BBC ghost story productions often have a similar feeling about them: creeping up on you from an innocuous start, throwing in a few familiar faces that make you feel quite at home before making the best of a couple of special effects and the calibre of the actors to give a chill or two. From Whistle And I’ll Come To You (1968) to Michael Palin’s great turn in the recent Remember Me (2014), there’s a long history of programmes that are worth watching again as we come around to Halloween once more.
Now we also have The Green Man on DVD to enjoy, and it’s a good one that definitely has the feel of a BBC production to it. First shown in three parts in 1990, it’s based on a Kingsley Amis novel and contains a bawdy element that leading man Albert Finney plays up to brilliantly. He has a seedy magnificence as Maurice Allington, the owner of a hotel and restaurant in Cambridgeshire that is apparently haunted by a seventeenth century figure of local legend, Doctor Thomas Underhill. This chap once enjoyed seducing young girls by conjuring saucy visions, and now he’s decided to appear to Maurice, and enlist his help in new enterprises of evil from beyond the grave.
What follows is a ghost story that also manages to be a sex comedy without sacrificing either the humour or the horror, but makes a blend all of its own. I found it quite a charming piece of work, much like Maurice himself, and it’s not afraid to lead you up the garden path and then pounce out at you from behind the bushes (which also sounds like something Maurice would do, come to think of it). For instance, it uses sound particularly well; there’s a great moment where the camera pans slowly across a bathroom, showing wine, candles, bubbles in the tub, while noises of pleasure emanate forth. But no, it’s not a sex scene but Maurice alone in the bath, smacking his lips together over his alcoholic drink while a copy of the Kingsley Amis novel The Old Devils sits next to him. A lot of this wry-wrong-footing goes on, and I really enjoyed that playful element of it.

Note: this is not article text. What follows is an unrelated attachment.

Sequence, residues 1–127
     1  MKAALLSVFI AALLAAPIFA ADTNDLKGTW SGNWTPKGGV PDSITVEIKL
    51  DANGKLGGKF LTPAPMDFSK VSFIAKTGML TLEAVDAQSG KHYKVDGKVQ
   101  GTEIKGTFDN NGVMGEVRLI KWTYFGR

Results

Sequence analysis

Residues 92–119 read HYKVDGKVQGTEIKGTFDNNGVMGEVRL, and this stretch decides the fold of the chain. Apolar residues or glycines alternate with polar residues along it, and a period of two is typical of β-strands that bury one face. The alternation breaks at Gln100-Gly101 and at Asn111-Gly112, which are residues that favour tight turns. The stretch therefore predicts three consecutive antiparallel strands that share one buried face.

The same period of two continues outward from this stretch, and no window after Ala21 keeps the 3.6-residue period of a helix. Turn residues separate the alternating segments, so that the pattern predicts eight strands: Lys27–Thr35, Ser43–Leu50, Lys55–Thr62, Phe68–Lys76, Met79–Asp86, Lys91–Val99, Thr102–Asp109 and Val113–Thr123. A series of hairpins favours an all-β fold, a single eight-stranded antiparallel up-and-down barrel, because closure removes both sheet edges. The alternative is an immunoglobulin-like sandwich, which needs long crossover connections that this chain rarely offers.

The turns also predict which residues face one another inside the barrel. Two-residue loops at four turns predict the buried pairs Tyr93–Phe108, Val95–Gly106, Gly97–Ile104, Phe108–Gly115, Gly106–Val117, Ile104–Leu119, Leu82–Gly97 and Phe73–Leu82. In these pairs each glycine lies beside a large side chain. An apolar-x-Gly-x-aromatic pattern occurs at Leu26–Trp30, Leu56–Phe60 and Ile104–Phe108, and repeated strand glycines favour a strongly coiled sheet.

It does kick up a gear into some great supernatural moments at times, and the presence of Michael Culver as Doctor Underhill’s ghost really adds a lot here, conveying menace and mischief with his long, pale face. Culver is one of those familiar faces that I mentioned earlier; he’s been in so many television shows from Cadfael to The Darling Buds Of May to New Tricks to The Professionals, (and also played Captain Needa in The Empire Strikes Back) and he’s not alone in a cast you’ll recognise. Josie Lawrence, Linda Marlowe and Nicky Henson are also along for the ride, and give strong supporting turns.
But the real draw here in setting off the whole series with a classic macabre edge is the presence of Michael Hordern as Maurice’s father. Lead actor of the aforementioned Whistle And I’ll Come To You, he brings instant gravitas to the proceedings, and is unbeatable at making scary scenes come to life; the terror on his face at a key early moment establishes the ghostly elements as believable even if some of the special effects aren’t all that great.
So you can add The Green Man to the list of BBC gems that are worth a watch again, particularly as the evenings draw in and the witching time of year comes around once more. Hotelier Maurice tells a strong ghost story to the guests who come to dine at The Green Man, and he also seems to relish becoming part of a real ghost story too; the series builds to a confrontation between Maurice and Underhill that is very effective and quite thought-provoking. But never fear – then we are straight back to the sex comedy, and somehow the whole thing resolves with a few last lines delivered by Finney with real pathos.
Add it to your collection of BBC ghost dramas, and it won’t look out of place with the best of them.
The Green Man is available on DVD now.
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